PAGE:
Causes of pet dental problems

Causes of pet dental problems

Most of the time your pet won’t have cavities like you when you go for an annual dental exam.  Here are some of the common problems we see in your pet:

  • Broken teeth and roots
  • abcess or infected teeth
  • periodontal disease
  • misalignment of the teeth and bite
  • broken jaw
  • palate defects such as cleft palate.

By the time your pet is 3 years old, he or she will have some periodontal disease evident.  It is the most common dental condition in cats and dogs according the the American Veterinary Medical Condition.

So what is periodontal disease in pets?

It is an inflammation or infection that results in the weakening or loss of support structures of the teeth.  The calculus causes irritation and inflammation of the gums, which is knowns as gingivitis and is an early stage of periodontal disease.  Calculus is also known as tartar.  Food and bacteria accumulate along the gums and form plaque, which turns into calculus or tartar.  Over time, calculus builds under the gums and causes them to separate from the teeth.  Bacteria can grown in these spaces causing periodontal disease.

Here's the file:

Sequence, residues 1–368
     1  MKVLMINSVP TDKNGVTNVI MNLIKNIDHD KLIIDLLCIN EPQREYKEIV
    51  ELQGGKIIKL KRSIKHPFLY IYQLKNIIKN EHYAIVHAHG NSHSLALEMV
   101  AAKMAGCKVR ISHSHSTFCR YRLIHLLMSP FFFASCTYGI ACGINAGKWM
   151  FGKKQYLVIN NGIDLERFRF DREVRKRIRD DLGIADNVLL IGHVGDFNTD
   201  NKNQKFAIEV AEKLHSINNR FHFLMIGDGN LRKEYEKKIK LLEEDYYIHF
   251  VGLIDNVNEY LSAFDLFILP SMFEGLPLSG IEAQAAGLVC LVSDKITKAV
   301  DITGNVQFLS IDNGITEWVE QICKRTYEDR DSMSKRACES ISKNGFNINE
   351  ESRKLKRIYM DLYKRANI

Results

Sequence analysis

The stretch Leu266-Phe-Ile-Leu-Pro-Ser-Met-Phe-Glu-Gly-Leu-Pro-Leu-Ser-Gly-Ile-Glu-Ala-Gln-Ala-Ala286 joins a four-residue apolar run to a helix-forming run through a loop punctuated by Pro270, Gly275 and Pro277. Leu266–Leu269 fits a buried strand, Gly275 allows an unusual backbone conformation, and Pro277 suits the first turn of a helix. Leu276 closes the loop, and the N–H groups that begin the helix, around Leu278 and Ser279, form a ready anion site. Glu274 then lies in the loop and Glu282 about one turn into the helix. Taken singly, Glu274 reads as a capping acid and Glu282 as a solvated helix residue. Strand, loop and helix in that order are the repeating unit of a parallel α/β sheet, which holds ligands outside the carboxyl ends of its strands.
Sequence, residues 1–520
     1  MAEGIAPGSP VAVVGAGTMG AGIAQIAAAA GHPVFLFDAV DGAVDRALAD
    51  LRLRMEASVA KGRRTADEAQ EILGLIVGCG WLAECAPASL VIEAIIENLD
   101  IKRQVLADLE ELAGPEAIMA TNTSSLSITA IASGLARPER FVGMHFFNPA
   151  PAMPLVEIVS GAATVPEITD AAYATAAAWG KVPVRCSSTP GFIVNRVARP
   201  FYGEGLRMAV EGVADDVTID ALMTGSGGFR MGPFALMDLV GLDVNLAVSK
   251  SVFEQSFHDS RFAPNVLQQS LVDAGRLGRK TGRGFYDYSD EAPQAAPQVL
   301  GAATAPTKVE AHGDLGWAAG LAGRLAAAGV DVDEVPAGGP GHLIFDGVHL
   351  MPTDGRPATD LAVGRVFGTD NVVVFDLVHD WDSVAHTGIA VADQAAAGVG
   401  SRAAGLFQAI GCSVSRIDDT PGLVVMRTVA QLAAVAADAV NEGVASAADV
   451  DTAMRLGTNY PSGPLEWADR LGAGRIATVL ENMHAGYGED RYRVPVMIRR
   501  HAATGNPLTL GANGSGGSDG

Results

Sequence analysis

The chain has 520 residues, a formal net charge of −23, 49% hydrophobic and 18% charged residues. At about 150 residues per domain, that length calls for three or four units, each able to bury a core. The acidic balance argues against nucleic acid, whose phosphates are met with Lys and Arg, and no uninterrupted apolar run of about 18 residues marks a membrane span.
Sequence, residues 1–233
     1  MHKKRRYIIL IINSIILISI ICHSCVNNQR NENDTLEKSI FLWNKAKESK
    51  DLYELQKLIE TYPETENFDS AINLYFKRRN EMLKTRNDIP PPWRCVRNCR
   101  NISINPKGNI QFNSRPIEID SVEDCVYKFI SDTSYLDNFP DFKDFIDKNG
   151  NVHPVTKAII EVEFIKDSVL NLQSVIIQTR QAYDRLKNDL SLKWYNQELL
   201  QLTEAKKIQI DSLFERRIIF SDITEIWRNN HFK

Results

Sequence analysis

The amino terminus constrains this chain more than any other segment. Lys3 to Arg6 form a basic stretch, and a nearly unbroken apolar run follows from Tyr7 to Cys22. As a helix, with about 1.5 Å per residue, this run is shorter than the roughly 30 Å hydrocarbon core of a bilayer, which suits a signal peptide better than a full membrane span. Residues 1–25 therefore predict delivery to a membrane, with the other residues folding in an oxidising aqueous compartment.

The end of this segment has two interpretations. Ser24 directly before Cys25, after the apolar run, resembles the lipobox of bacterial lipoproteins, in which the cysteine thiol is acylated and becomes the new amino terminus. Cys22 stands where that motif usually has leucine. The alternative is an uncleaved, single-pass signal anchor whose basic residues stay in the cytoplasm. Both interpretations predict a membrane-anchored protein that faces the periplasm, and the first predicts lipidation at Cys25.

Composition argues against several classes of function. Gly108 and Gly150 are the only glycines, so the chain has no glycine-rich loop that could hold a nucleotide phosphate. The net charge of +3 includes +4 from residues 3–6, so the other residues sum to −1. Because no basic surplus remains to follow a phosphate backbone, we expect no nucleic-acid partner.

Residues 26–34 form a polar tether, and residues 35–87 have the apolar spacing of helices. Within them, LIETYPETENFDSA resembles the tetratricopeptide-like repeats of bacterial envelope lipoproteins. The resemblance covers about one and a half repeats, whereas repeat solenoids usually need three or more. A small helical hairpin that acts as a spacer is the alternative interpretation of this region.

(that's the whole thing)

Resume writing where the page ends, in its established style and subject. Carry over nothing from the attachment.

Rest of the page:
Once you have significant periodontal disease, there is bone and tissue loss, and teeth falling out.  After this there will be organ damage in the kidneys, liver and heart muscle.

There are four stages of periodontal diseases:

  • Stage 1:  gingivitis is present, but no separation from gums.
  • Stage 2:  25% of gums are separating.
  • Stage 3:  30% of separation of gums occurring.
  • Stage 4:  Advanced periodontal disease.  More than 50% separation from gums.  Gum tissue recedes and roots of the teeth are exposed.  Your pet should be showing signs of pain.  You may notice he isn’t eating well.

This pet has good looking teeth.  Brushing your pet’s teeth will help limit periodontal disease.


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